Q. I'm investigating my family history and came across an article I did not understand. It was published in the East St. Louis Journal on Jan. 5, 1937, and begins: "State's Attorney Louis P. Zerweck today ordered Norman Bailey, reputedly Belleville's biggest weather ticket agent, to 'fold up,' but apparently the order did not include anyone else who might be violating the law by selling the tickets. Asked if his action means that he will 'bear down' on all weather ticket salesmen, Zerweck said: 'I cannot make a statement on that.'" I have never heard of a weather ticket and neither has my dad.
-- Judy Darnell, of Dardenne Prairie, Mo.
A. I only had to mention "weather tickets," and I could feel the sunshine light up the voice of longtime News-Democrat photographer Bill DeMestri.
Now a nonagenarian, DeMestri, along with his wife, Arlene, saw most everything that went on in this area through much of the 20th century -- and weather tickets were among those things
"Weather tickets, definitely, they were very active here in the '30s and maybe even into the '40s," he said. "I haven't heard of them for many years, but they existed, believe me."
As most people probably know, long before states legalized lotto and casino gambling ... er ... gaming, illegal numbers games (or numbers rackets or policy rackets) flourished. Usually it was a matter of mobs and gangsters giving you the chance to win a few dollars each day by picking the right combination of three or four numbers.
But just as you can still place bets on all kinds of crazy things (what will the hair color of Prince William's first child be, will Kelly Clarkson forget at least one word of the National Anthem during the Super Bowl, etc.), weather tickets involved gambling on some aspect of the weather. Unfortunately, 70 years later, the DeMestris are a little hazy on whether they bet on the conditions or maybe what the high temperature would be the next day. (Arlene said she bought them, too.)
"We don't remember how they worked, but it had something to do with the weather," said Bill DeMestri, who also remembered the popularity of the Irish Sweepstakes here decades ago. "If you were close, you won a few bucks. And if you were right on the button, you won a nice big chunk of money."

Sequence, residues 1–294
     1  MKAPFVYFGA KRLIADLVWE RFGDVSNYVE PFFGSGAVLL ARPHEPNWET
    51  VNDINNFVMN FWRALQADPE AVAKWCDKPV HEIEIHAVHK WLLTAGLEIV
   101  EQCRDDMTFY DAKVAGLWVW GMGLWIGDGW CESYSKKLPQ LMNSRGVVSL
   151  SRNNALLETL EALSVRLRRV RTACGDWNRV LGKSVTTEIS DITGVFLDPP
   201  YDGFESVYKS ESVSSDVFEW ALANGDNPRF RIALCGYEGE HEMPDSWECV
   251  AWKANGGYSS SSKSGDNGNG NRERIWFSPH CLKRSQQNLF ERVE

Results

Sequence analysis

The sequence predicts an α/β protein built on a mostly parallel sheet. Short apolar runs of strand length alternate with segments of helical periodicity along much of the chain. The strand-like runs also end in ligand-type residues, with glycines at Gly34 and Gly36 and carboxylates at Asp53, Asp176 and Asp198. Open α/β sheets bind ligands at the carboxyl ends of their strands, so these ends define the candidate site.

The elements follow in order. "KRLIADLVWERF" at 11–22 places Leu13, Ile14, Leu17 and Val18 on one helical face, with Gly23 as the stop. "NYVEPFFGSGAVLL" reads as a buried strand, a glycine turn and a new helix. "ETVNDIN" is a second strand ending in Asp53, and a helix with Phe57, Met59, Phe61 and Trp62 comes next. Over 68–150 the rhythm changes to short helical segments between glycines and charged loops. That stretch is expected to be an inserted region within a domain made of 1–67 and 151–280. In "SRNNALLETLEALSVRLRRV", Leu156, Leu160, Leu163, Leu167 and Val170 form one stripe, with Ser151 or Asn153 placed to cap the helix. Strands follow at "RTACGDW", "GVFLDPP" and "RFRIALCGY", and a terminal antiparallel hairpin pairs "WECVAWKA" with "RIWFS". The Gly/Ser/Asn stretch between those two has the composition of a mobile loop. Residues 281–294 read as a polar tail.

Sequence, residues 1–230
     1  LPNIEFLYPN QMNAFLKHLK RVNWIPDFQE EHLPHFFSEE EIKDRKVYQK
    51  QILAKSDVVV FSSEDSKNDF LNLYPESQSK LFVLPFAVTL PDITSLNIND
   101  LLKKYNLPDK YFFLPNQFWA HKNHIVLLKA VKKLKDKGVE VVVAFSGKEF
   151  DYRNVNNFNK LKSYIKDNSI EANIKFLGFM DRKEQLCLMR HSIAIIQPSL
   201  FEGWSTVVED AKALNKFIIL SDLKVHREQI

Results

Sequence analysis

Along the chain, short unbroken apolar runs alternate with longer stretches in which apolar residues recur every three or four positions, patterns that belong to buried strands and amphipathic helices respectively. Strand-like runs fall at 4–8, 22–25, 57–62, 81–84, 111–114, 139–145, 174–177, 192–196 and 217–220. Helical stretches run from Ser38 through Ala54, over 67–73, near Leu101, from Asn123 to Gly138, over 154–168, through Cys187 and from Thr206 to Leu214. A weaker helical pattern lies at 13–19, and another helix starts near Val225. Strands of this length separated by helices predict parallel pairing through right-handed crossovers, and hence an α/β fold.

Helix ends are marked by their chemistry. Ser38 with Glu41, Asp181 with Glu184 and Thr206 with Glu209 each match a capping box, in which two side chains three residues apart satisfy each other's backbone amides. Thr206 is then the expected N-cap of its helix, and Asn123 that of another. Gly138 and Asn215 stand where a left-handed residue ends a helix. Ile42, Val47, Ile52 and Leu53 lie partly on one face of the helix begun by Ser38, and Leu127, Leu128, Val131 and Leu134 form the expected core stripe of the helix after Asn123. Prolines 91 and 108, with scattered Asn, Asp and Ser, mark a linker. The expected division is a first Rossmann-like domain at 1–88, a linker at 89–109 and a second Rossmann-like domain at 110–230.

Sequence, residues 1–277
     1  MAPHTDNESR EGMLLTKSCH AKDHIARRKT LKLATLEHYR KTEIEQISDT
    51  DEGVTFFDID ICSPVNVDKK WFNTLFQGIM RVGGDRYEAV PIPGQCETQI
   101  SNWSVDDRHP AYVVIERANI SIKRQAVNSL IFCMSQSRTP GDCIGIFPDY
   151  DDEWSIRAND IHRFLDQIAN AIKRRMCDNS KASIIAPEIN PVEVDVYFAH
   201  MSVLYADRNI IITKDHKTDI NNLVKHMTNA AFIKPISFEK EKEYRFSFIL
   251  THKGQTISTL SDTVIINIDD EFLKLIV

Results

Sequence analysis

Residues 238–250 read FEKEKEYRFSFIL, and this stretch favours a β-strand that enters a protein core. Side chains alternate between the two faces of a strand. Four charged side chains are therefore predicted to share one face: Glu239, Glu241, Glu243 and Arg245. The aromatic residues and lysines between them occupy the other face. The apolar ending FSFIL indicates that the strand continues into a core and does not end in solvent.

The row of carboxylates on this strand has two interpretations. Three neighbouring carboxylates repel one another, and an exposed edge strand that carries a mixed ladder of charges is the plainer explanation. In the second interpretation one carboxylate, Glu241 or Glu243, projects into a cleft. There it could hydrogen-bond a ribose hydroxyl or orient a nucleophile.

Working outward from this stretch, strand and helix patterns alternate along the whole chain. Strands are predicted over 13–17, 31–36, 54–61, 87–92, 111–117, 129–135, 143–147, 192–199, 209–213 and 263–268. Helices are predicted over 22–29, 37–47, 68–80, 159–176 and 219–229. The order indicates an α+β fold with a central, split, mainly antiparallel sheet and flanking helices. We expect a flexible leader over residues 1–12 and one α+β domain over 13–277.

Illegal? Sure, "but nobody got arrested for that," he said. And, I'm betting this might spark even more vivid memories, so be sure to call or write.
Q. In last Tuesday's paper, there was a recipe for Clementine Cake. The directions told us to "beat the eggs into submission." So, how do you beat eggs into submission or even know when they're about to submit?
-- Steve Ruhmann, of Waterloo
A. Turns out that our food editor, Suzanne Boyle, tried to beat a recipe into submission and now jokes that she may have wound up with a little egg on her face.
Here's what happened: Suzanne ran across a most entertaining recipe on the Internet posted by fiction writer Judi Cutrone. Cutrone had taken the recipe from well-known chef Nigella Lawson, but Cutrone, known for her vampire stories, jazzed it up with lighthearted comments.
"Place the gorgeous little beauties (clementines) ever so gently in a pot with cold water, enough to cover our amber gems," she started. "Look on lovingly as they glisten in the pool of water."
Similar directions followed. "Bring pot to a boil and cook for two hours. Patience is a virtue. Be strong. Cake is coming." And "Finely chop the skins, pith and fruit in the processor. Yes, it's true. All of it. Don't be afraid."
So by the time Cutrone was into the heart of the recipe, it should have been no surprise when she threw in the direction "Beat the eggs into submission." By this time, readers would have realized it was just her jocular way of telling you to beat the eggs thoroughly as you normally would do.
But to save space for more recipes, Suzanne deleted the funny ad-libs. Well, all except the one you saw. Now she admits she probably should have left in more quips or removed them all so you wouldn't have taken that step quite so seriously (if, indeed, you did).
If you'd like to see the entire original recipe -- along with a short excerpt from Cutrone's "Little Women: Vampire Hunters," lots of pictures and other recipes -- go to somekitchenstories.com, click on "Recipes" and search for Clementine Cake under desserts. As for Suzanne, I'm thinking she probably won't be asked to edit a "Big Bang Theory" script anytime soon.
What was the first car to offer air-conditioning?
Answer to Thursday's trivia: When Eliza Jumel sued former Vice President Aaron Burr for divorce, she was represented by Alexander Hamilton Jr. -- the son of the man Burr shot to death in a duel on July 11, 1804. The divorce was finalized Sept. 14, 1836, the day Burr died. Eliza reclaimed the name of her deceased first husband and remained single until she died in 1865 at age 90.
Send your questions to Roger Schlueter, Belleville News-Democrat, 120 S. Illinois St., P.O. Box 427, Belleville, IL 62222-0427 or email@example.com